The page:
Links to linkage

The New York Times' Peter Baker breaks a story about the Obama administration's efforts to engage in linkage politics with Russia

President Obama sent a secret letter to Russia's president last month suggesting that he would back off deploying a new missile defense system in Eastern Europe if Moscow would help stop Iran from developing long-range weapons, American officials said Monday.

The letter to President Dmitri A. Medvedev was hand-delivered in Moscow by top administration officials three weeks ago. It said the United States would not need to proceed with the interceptor system, which has been vehemently opposed by Russia since it was proposed by the Bush administration, if Iran halted any efforts to build nuclear warheads and ballistic missiles.

The officials who described the contents of the message requested anonymity because it has not been made public. While they said it did not offer a direct quid pro quo, the letter was intended to give Moscow an incentive to join the United States in a common front against Iran. Russia’s military, diplomatic and commercial ties to Tehran give it some influence there, but it has often resisted Washington’s hard line against Iran.

“It’s almost saying to them, put up or shut up,” said a senior administration official. “It’s not that the Russians get to say, ‘We’ll try and therefore you have to suspend.’ It says the threat has to go away.”

Three things of interest here:

  1. This is the first in what I expect will be a series of linkage/grand bargain efforts by the Obama administration to various rivals and adversaries;
  2. Given the number of officials that talked to Baker, this seems like a planned leak by Obama's foreign policy team -- i.e., they want everyone to know about this proposal to the Russians.  This is curious at first glance, because linkage strategies tend to have greater success when done covertly.  In this case, I suspect the leak was designed to force the Russians to make a decision one way or another, while giving Obama political cover if they reject the linkage (note that they seem to be adopting the same straegy towards Iran).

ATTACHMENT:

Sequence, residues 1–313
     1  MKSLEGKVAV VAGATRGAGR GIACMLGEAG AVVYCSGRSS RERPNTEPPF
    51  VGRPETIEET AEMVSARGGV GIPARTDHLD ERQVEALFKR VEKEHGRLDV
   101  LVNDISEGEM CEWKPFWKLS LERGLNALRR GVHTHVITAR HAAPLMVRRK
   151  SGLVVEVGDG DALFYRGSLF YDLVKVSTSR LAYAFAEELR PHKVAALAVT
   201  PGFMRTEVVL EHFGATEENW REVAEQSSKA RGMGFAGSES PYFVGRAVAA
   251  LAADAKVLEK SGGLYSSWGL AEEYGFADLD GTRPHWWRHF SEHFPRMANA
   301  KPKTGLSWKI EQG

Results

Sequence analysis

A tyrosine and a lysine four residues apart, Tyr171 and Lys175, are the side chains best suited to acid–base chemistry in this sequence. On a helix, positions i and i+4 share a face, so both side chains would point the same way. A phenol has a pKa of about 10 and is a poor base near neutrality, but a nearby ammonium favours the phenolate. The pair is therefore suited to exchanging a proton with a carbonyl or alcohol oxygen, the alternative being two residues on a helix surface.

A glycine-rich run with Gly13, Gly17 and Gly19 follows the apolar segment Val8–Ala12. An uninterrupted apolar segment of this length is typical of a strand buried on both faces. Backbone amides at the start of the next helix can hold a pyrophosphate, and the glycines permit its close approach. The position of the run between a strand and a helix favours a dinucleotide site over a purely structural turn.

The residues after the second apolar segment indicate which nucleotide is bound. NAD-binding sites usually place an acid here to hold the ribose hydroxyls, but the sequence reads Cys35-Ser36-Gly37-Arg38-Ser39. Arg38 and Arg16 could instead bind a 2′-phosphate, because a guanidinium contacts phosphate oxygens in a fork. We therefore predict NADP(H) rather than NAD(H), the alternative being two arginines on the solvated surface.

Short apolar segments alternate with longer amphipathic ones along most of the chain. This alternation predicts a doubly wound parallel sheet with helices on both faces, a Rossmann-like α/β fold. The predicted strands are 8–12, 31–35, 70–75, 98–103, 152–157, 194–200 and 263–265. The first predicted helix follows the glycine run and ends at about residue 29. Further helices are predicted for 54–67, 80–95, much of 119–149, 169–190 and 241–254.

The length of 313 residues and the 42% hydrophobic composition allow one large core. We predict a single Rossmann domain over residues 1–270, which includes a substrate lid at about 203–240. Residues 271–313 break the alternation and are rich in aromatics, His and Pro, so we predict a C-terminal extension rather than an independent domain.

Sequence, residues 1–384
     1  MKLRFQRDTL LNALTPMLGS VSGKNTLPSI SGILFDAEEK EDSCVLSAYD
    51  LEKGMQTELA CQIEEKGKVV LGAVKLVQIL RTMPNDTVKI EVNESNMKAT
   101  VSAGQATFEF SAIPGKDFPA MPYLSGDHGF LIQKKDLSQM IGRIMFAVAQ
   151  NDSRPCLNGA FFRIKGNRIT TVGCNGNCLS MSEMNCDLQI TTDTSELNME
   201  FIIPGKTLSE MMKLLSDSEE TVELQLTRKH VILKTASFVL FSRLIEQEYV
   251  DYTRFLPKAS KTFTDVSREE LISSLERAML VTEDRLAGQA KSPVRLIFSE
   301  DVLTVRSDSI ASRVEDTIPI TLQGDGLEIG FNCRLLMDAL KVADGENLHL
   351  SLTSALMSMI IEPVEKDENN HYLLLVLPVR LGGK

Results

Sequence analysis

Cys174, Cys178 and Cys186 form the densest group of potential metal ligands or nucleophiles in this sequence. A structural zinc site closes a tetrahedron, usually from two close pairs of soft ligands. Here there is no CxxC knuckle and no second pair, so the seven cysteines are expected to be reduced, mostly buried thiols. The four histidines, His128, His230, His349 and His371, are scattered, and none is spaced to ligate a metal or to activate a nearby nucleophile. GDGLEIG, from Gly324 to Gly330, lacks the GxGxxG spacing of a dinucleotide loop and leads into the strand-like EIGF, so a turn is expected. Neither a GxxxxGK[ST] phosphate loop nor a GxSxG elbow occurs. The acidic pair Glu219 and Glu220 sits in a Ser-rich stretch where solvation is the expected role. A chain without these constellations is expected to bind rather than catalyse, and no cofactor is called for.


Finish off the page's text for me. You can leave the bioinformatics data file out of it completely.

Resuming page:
3. The letter was sent to Medvedev and not Putin.  I'm guessing diplomatic protocol played a role in that decision, but one wonders if it was also part of an effort to split Medvedev away from Putin. 

The Times story has already been updated with Medvedev's reaction: 

On Tuesday, a press secretary for Dmitri A. Medvedev told the Interfax news agency that the letter did not contain any “specific proposals or mutually binding initiatives.”

Natalya Timakova said the letter was a reply to one sent by Mr. Medvedev shortly after Mr. Obama was elected.

“Medvedev appreciated the promptness of the reply and the positive spirit of the message,” Ms. Timakova said. “Obama’s letter contains various proposals and assessments of the current situation. But the message did not contain any specific proposals or mutually binding initiatives.”

She said Mr. Medvedev perceives the development of Russian-American relations as “exceptionally positive,” and hopes details can be fleshed out at a meeting on Friday in Geneva between Foreign Minister Sergei V. Lavrov and Secretary of State Hillary Rodham Clinton. 

Mr. Obama and Mr. Medvedev will meet for the first time on April 2 in London, officials said Monday.

My hunch is that, in the end, the Russians will spurn this deal [UPDATE:  Drezner gets results from Dmitri Medvedev!].  Russia has sizeable commercial and strategic interests in Iran, and will want to maintain as much flexibility as possible in dealing with Tehran.  If Moscow is smart, however, they will try to parlay this as a means for acting as the interlocutor between Iran and the West.

On the other hand, it seems though the Obama administration can't lose.  If the Russians say no, then Obama's hand is strengthened in both Western and Eastern Europe, and Russia loses some leverage in trying to get missile defense out of their backyard. 



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